This nostalgic connection with the past, the chaos of the present, and the necessity to 'make do', created the perfect opportunity for fabric manufacturers, department stores, newspaper owners and entrepreneurs to make money from handcrafts in this incredibly challenging decade. Patterns, marking tools, pre-cut quilting kits, reproduction applique designs were all sold en masse despite the crippling financial conditions. And I'm certainly not judging, or complaining. I love the quilts of the thirties. And I think quilting is the perfect thing to do when everything around you is falling apart. It did make me think though, that 'Hovering Hawks,' a block first published in 1929 by Ruth Finley, was a good choice for today's block!
HOVERING HAWKS 12" BLOCK TUTORIAL
You will need:
Red: Four 4" squares cut in half diagonally to make half square triangles, four 3.5" squares.
White: Four 4" squares cut in half diagonally to make half square triangles, four 3.5" squares.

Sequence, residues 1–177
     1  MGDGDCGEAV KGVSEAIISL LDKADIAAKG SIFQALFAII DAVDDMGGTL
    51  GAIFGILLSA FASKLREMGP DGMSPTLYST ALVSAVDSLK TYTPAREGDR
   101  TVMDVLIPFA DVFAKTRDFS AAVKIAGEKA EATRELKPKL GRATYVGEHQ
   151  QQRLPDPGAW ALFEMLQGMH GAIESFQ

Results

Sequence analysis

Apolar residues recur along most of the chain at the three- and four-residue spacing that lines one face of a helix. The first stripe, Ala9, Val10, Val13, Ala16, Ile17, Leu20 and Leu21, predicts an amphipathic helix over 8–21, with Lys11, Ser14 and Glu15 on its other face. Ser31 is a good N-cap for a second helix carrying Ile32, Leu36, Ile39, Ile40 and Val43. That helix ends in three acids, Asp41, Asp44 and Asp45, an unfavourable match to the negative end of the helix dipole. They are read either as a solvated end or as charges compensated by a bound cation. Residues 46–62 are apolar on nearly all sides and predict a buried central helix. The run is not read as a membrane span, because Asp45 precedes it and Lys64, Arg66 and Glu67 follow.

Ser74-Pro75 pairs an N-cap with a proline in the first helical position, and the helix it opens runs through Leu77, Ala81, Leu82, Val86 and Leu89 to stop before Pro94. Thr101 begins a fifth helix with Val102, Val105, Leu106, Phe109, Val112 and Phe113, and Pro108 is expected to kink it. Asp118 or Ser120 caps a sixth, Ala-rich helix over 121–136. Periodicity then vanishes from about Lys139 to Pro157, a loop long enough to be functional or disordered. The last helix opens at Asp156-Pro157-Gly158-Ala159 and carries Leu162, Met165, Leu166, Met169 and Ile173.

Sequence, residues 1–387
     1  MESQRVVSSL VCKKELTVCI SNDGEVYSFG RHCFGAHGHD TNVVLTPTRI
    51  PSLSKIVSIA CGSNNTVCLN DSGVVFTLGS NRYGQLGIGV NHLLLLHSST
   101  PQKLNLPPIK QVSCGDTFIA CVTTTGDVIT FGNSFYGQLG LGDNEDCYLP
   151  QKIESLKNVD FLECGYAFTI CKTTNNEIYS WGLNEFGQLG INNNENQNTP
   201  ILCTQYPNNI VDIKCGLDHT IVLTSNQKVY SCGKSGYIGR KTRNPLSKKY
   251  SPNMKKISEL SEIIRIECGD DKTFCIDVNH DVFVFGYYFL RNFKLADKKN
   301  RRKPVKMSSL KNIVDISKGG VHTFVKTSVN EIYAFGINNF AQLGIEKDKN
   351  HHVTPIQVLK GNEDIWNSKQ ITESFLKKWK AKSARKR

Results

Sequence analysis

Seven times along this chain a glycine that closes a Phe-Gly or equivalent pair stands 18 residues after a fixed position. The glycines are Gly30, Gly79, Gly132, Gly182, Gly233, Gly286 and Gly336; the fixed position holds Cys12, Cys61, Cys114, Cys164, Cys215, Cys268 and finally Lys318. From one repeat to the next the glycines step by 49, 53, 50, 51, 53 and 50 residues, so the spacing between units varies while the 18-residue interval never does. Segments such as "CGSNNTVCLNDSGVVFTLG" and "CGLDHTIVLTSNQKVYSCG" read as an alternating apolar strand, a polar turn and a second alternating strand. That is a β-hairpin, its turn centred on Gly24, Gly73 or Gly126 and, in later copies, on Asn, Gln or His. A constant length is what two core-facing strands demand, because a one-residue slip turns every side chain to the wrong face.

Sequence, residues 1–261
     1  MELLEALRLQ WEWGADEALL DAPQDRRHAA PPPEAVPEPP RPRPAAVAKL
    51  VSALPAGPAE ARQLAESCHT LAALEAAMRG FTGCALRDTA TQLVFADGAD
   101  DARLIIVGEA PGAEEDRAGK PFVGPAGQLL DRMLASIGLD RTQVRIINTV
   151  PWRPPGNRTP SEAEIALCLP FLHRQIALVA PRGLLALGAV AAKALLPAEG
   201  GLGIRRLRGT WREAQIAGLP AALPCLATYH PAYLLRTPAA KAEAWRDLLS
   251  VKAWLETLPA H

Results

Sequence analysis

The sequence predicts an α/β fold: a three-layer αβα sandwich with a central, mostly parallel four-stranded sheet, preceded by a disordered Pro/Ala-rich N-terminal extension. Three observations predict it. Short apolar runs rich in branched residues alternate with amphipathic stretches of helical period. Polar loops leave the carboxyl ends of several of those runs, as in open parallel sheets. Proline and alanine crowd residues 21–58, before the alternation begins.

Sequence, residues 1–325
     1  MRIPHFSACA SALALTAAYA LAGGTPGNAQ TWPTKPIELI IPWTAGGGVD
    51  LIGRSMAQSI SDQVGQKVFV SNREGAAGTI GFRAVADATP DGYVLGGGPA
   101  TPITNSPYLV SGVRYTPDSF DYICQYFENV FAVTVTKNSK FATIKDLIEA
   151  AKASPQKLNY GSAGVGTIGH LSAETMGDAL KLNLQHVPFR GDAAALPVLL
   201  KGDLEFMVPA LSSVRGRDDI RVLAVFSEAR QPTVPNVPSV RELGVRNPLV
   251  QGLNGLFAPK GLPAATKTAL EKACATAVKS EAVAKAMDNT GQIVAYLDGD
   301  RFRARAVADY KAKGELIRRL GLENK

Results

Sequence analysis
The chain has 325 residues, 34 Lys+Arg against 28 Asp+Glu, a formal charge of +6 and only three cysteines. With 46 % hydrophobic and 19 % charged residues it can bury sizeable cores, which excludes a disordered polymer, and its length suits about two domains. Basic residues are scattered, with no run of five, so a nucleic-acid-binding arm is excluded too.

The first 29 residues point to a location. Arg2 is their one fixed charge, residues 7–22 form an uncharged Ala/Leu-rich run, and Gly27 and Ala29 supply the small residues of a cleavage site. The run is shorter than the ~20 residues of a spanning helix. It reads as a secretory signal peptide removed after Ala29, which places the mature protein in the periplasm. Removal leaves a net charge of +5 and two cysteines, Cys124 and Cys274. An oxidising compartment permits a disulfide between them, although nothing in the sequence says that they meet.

1. Sew your red triangles to white triangles. Press open and trim to 3.5"
2. Lay out as above. Red squares stepping diagonally down the centre, bordered by half square triangles, followed by white squares and the white triangle facing in in the corners. Because you have equal amounts of red and white, you can also arrange the colours in the opposite layout.
3. Sew each square to the one next to it, so that you end up with a collection of pairs, as above. Press. Arrange these back in the right spot.
4. Sew those pairs to the one below to make 6.5" squares. Press.
5. Sew those squares to the one next door. Press.
6. Sew these two halves together to finish the block. Press.
I really am enjoying learning more about quilt history. I love looking deeper beyond our assumptions and finding out what really drove these women to create such beautiful works. For some reason I feel a little relieved that it's not as straight forward as "times were tough so they made do, and did an incredible job of it." There are more layers than that. Fashion and advertising, wanting beautiful things, the desire to create, needing to live simply, paying for pre-cuts. It means they're more like me than I imagined. Not just a card-board cut out of American Sainthood, but a person affected by the things around her, shaped by her circumstances, sometimes cutting corners, juggling responsibility and creativity and desire. It makes me appreciate their art even more.